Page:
Characterization of the Jembrana disease virus tat gene and the cis- and trans-regulatory elements in its long terminal repeats

Hexin Chen, Graham Wilcox, Gde Kertayadnya, Charles Wood

Research output: Contribution to journalArticle

25 Scopus citations

Abstract

Jembrana disease virus (JDV) is a newly identified bovine lentivirus that is closely related to the bovine immunodeficiency virus (BIV). JDV contains a tat gene, encoded by two exons, which has potent transactivation activity. Cotransfection of the JDV tat expression plasmid with the JDV promoter chloramphenicol acetyltransferase (CAT) construct pJDV-U3R resulted in a substantial increase in the level of CAT mRNA transcribed from the JDV long terminal repeat (LTR) and a dramatic increase in the CAT protein level. Deletion analysis of the LTR sequences showed that sequences spanning nucleotides -68 to +53, including the TATA box and the predicted first stem- loop structure of the predicted Tat response element (TAR), were required for efficient transactivation. The results, derived from site-directed mutagenesis experiments, suggested that the base pairing in the stem of the first stem-loop structure in the TAR region was important for JDV Tat- mediated transactivation; in contrast, nucleotide substitutions in the loop region of JDV TAR had less effect. For the JDV LTR, upstream sequences, from nucleotide -196 and beyond, as well as the predicted secondary structures in the R region, may have a negative effect on basal JDV promoter activity. Deletion of these regions resulted in a four- to fivefold increase in basal expression. The JDV Tat is also a potent transactivator of other animal and primate lentivirus promoters. It transactivated BIV and human immunodeficiency virus type 1 (HIV-1) LTRs to levels similar to those with their homologous Tat proteins. In contrast, HIV-1 Tat has minimal effects on JDV LTR expression, whereas BIV Tat moderately transactivated the JDV LTR. Our study suggests that JDV may use a mechanism of transactivation similar but not identical to those of other animal and primate lentiviruses.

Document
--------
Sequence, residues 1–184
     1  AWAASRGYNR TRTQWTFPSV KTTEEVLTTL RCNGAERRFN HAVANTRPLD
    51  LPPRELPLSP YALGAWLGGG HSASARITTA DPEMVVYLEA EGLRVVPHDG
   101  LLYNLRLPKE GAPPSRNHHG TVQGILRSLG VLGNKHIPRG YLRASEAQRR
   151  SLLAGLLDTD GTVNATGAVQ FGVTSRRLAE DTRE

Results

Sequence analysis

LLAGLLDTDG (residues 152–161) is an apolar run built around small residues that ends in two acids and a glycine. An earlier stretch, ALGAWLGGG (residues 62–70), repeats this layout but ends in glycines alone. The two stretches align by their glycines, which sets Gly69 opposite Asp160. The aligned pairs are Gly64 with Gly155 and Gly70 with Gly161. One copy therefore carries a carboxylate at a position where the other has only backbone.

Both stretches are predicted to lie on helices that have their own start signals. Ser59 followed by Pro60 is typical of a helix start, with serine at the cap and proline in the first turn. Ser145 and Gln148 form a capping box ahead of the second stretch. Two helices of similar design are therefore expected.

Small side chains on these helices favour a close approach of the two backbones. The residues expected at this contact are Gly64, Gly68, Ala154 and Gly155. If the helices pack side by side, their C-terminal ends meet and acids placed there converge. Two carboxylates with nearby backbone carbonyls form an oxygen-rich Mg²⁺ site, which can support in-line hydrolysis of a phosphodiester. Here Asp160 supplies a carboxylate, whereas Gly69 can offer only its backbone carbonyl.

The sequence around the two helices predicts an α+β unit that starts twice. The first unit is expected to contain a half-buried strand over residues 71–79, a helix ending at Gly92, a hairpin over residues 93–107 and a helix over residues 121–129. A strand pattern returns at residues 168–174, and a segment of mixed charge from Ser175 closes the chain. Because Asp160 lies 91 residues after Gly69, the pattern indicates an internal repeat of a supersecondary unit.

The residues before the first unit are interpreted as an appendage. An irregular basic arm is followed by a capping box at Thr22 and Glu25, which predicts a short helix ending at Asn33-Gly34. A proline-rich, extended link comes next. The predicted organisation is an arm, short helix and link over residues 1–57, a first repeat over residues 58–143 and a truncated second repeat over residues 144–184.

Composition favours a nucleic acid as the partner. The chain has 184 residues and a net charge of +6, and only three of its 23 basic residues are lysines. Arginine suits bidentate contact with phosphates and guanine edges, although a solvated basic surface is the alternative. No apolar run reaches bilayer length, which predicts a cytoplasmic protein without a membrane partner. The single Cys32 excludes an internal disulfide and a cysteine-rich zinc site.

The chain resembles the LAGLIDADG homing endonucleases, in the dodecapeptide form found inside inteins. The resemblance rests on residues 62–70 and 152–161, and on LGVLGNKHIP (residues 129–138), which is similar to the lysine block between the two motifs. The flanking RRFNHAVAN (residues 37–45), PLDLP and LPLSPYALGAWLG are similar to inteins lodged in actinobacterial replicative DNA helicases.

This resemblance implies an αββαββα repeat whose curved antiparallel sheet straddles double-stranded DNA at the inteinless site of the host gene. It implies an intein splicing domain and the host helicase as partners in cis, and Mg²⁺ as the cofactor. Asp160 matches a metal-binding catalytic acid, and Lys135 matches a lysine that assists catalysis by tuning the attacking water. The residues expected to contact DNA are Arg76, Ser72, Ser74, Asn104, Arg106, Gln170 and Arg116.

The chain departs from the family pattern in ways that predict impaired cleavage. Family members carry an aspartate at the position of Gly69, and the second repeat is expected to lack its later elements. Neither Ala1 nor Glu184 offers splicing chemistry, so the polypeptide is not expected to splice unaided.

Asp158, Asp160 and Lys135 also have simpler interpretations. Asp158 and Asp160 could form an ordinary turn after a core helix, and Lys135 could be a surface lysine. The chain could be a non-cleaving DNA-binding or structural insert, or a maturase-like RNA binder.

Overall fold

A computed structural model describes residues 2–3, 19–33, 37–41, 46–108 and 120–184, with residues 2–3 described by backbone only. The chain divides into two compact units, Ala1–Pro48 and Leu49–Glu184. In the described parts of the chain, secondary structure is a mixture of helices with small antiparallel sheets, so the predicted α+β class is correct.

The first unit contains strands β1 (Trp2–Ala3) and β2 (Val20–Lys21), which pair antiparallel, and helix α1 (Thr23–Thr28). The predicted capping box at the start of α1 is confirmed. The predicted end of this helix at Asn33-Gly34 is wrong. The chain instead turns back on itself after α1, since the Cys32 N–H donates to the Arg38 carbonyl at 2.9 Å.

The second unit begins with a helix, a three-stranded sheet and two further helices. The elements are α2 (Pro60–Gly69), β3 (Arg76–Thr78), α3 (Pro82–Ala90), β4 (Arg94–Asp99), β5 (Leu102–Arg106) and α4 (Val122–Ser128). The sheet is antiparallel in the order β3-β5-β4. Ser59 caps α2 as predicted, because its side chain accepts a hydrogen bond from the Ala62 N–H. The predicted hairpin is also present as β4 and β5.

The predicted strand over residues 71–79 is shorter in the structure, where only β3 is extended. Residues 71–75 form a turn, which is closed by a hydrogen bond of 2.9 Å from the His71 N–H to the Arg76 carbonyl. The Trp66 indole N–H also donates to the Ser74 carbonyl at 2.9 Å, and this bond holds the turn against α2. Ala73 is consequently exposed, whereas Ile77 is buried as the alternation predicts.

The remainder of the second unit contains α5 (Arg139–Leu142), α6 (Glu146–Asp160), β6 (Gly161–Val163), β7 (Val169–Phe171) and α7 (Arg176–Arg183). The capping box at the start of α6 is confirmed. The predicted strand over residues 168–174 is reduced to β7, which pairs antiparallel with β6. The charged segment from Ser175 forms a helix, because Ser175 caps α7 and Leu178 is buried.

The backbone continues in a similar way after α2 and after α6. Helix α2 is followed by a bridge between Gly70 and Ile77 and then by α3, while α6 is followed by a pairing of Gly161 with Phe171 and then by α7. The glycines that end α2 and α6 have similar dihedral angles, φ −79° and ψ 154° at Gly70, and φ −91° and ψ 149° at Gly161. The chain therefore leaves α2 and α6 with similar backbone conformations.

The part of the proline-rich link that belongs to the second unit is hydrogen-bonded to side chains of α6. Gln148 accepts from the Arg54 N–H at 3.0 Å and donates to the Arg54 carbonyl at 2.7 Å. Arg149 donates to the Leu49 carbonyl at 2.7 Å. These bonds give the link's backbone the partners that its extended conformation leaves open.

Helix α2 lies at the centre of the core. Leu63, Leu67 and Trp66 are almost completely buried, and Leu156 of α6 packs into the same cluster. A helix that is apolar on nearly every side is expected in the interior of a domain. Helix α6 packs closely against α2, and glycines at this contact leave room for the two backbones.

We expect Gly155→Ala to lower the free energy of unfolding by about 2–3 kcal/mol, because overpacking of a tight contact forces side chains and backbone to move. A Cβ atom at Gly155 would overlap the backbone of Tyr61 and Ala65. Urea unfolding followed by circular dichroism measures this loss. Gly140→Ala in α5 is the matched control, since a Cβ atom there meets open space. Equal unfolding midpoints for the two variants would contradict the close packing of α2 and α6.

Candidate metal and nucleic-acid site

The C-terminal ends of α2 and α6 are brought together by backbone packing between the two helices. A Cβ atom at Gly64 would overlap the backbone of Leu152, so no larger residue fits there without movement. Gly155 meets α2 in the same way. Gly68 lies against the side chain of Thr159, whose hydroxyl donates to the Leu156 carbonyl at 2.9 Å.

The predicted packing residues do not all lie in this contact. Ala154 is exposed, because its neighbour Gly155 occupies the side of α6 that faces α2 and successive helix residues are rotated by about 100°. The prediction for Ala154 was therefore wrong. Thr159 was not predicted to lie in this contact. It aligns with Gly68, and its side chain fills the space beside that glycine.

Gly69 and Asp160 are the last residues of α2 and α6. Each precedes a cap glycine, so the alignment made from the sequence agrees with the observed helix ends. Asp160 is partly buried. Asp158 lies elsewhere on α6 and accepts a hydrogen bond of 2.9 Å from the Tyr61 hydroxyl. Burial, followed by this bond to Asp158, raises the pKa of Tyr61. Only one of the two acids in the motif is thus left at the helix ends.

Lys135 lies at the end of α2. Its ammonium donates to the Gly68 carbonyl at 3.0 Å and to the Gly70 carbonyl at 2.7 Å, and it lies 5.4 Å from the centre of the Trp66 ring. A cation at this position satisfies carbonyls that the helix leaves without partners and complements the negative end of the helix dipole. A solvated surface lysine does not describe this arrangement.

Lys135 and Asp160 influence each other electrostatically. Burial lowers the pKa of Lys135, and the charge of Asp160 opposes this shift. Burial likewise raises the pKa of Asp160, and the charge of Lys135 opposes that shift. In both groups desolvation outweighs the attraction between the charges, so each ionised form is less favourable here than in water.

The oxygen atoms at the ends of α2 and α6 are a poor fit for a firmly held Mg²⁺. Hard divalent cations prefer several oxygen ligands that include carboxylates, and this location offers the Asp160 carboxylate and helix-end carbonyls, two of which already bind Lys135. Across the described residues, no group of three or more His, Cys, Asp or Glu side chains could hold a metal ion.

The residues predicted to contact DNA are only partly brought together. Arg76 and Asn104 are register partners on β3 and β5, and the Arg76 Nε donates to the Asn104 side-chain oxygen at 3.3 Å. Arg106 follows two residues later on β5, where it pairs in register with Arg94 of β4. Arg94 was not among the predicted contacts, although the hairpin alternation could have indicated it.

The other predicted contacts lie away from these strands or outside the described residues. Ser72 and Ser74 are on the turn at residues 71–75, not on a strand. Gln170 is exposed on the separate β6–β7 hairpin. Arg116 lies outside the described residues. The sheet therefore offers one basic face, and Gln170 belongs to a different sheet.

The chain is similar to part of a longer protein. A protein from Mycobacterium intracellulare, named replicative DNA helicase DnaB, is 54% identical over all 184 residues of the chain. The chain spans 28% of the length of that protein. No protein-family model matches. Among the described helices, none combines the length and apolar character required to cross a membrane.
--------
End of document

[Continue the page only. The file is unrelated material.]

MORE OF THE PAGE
Original languageEnglish (US)
Pages (from-to)658-666
Number of pages9
JournalJournal of virology
Volume73
Issue number1
DOIs
StatePublished - 1999

ASJC Scopus subject areas

  • Microbiology
  • Immunology
  • Insect Science
  • Virology

Fingerprint Dive into the research topics of 'Characterization of the Jembrana disease virus tat gene and the cis- and trans-regulatory elements in its long terminal repeats'. Together they form a unique fingerprint.

  • Cite this